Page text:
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    3. Are you kidding? I love puns-a sign of higher intelligence.

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  2. Hey, Spencer,

    Thanks for your honest, heartfelt post. It's a bit sad that you spent so much of your life thinking fame and fortune would make you likeable, but at least you've come around to the truth - you *are* likeable, just the way you are.

    And I'm delighted that you shifted the topic in the direction of another sort of craving. Very deft.

    Meanwhile, I hope your blog tour bears fruit. It's tough getting noticed. Believe me, I know!

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    1. Thanks Lisabet:

      Blog tours. I'm dancing as fast as I can. I've always thought that the Norman Mailer, Gove Vidal tiffs were started by the marketing departments of their publishers. Maybe I need to pick a fight with someone.

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    2. Speaking of classic opponents, I always liked the Norman Mailer/Wm. F. Buckley stand-offs. Often it looked like a burping contest. What a show.

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    3. Buckley was one of my intellectual hero's. I met him once in what turned into a comical situation. If you think he looked bad on TV you should have seen him in person.

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    4. Hmmm... And Mailer was one of mine.

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    5. Yeah cool but I won a pissing contest with Buckley.

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  3. I think at some point its natural we all begin to question the things that have driven us in our lives. Also because the phase of our life is beginning to change. I've always suspected that man's great achievements in art, war and civilization are simply our attempts to impress girls. We are only what we are.

    Garce

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  4. Hmm. Should we conclude that women's theoretical lack of achievements is due to not trying to impress girls? Or to spending so much time trying to impress men?

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    1. Sacchi:
      You must be kidding if you think women's lack of achievement is theoretical. In my adult lifetime (and yours) women's achievements are phenomenal. When I showed up at college in 1968 at the first meeting of the pre-medical students association one brave "girl" (we were all 18 then) asked the Dean of the Medical School about the chances of a woman being admitted to medical school. Without a moment's hesitation he said, "Very unlikely." Shit. I think nearly half of the incoming class at the medical school of my alma mater is women now. There is no way to say that women haven't overcome and achieved great things. I don't know if they did it to impress the boys, though.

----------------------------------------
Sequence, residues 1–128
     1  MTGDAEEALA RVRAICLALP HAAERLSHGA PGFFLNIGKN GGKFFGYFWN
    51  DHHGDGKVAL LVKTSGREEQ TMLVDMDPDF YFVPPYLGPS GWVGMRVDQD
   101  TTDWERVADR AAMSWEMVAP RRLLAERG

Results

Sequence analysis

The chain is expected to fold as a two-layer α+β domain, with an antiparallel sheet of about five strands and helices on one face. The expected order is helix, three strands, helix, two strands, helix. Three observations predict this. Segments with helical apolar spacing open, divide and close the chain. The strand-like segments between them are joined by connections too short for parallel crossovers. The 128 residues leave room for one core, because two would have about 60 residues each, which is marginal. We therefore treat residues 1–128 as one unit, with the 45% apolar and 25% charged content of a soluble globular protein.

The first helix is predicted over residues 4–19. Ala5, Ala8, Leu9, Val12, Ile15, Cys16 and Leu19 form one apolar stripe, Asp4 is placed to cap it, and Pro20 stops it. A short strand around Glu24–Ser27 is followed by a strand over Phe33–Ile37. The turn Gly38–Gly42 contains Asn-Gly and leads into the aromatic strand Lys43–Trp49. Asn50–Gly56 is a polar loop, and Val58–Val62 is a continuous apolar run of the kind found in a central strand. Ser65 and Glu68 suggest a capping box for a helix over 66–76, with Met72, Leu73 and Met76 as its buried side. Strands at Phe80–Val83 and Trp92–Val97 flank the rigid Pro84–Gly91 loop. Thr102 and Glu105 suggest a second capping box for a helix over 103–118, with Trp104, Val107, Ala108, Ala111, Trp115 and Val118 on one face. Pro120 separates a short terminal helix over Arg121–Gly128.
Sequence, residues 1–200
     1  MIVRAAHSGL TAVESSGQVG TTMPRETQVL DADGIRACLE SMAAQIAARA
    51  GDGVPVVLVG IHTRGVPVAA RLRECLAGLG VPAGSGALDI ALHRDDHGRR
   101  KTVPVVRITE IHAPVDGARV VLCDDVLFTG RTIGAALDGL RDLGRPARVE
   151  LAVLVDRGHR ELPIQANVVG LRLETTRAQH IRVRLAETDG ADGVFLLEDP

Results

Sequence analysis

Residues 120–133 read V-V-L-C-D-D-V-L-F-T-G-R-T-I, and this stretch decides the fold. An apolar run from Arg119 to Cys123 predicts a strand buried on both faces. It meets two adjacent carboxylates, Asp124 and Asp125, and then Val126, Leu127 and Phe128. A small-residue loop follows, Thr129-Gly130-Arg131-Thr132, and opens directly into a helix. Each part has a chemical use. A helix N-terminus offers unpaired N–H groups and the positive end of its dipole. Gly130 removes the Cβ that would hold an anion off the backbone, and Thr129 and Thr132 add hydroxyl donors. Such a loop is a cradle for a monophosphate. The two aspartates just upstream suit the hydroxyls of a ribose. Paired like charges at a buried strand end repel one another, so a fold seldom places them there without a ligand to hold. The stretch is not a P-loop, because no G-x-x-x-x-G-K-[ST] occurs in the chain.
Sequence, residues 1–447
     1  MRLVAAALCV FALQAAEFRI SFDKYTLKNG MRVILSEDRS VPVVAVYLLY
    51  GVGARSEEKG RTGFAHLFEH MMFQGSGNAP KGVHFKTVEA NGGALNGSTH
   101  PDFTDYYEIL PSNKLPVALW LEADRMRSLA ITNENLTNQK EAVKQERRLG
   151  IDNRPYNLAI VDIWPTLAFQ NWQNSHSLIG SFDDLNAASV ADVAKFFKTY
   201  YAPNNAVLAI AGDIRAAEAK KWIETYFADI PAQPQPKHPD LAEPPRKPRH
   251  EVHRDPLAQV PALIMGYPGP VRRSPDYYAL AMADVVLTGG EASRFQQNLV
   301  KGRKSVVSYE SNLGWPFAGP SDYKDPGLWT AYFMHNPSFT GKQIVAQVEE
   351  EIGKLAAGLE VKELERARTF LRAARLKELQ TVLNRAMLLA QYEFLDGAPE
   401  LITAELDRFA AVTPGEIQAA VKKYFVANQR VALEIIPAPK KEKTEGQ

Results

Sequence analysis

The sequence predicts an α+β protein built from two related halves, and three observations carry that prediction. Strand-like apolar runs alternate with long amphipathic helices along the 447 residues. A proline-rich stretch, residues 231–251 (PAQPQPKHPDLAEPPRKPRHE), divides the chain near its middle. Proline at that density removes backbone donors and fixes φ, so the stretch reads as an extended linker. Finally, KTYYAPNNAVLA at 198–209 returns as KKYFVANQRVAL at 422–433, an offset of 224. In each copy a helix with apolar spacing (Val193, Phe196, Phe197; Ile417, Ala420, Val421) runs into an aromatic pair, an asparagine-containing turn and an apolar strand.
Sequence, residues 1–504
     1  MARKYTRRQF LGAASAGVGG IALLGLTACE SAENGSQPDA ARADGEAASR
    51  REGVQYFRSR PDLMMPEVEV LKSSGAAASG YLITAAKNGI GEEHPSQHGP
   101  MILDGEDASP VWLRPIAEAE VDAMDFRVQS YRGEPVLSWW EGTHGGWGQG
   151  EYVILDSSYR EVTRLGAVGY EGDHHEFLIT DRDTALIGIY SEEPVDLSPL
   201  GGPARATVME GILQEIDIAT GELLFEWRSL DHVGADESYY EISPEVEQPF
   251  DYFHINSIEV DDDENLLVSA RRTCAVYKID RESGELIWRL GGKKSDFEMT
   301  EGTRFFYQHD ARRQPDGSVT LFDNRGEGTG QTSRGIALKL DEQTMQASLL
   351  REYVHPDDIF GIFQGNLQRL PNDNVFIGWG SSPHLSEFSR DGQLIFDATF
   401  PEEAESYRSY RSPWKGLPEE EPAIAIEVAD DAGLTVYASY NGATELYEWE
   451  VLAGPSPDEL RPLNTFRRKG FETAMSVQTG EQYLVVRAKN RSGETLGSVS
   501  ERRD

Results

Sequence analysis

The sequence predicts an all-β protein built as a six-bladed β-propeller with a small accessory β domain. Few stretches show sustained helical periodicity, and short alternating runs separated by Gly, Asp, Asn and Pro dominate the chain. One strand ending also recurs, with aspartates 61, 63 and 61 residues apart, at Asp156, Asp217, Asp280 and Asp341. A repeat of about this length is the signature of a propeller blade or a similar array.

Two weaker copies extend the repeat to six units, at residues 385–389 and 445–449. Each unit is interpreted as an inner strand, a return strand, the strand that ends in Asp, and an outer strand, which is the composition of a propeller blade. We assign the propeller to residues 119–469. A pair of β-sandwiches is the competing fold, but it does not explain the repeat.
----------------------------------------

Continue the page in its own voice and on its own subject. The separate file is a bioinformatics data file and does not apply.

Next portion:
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    2. Women's achievements (in my experience) are more likely to drive men away. At least men of my generation. I had a boyfriend break up with my in high school because he told me I intimidated him. (He was the top male in the class grades-wise. I was the top female.)

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  5. Spencer, by "theoretical" I meant that the "lack" part was spurious. Yes, there's been achievement throughout history, generally against heavy odd. These days I doubt that women try to impress men with their achievement, since they still have the odd (or is it?) impression that men will like them less if they do things as well as men do. Those who go for it anyway are more likely figuratively thumbing their noses at men than trying to make a favorable impression. Or, even more likely, they just go ahead with what they know they can do without paying attention to what men think.

    I know the guys here don't really think badly of women who succeed as well as men, but have you seen the recent flood of virulent misogyny loosed against women who dare to speak out against discrimination in the video game community? And the way "feminist" has become a dirty word, and not in a good way? Times a re still tough, and in some ways getting tougher.

    But I was clearly derailing the discussion of cravings, and I apologize.

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  6. Spencer, your post looks honest and moving. However, I also noticed the gender-specific nature of a desire to become outstanding at something as a way to attract a date. When I was in my last year of high school, I won a major award in a national student writing contest. My boyfriend had entered too, but he didn't even get honorable mention. (For the past year, he had relied on me to edit his essay assignments for English class.) He accused me of being on an "ego trip," and dumped me. He promptly found a younger girl who was apparently less ambitious than I was, and who admired him more.
    I suspect we have all secretly craved fame in some form, but the consequences of getting it vary according to who or what we are expected to be.

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  7. Jean:
    You are correct, I was speaking only for myself and my twisted motives. There's no question that society has laid a strange burden on girls/women, much more so in my youth than now.

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  8. Really interesting stuff about your time playing basketball. I don't have the energy right now to wrap my brain around all the gender stuff we have going on in this post and in the comments. These are deep, disturbing issues.

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    1. Hope you find some energy, but not to worry, most of these events are a half century old. a few more days won't matter.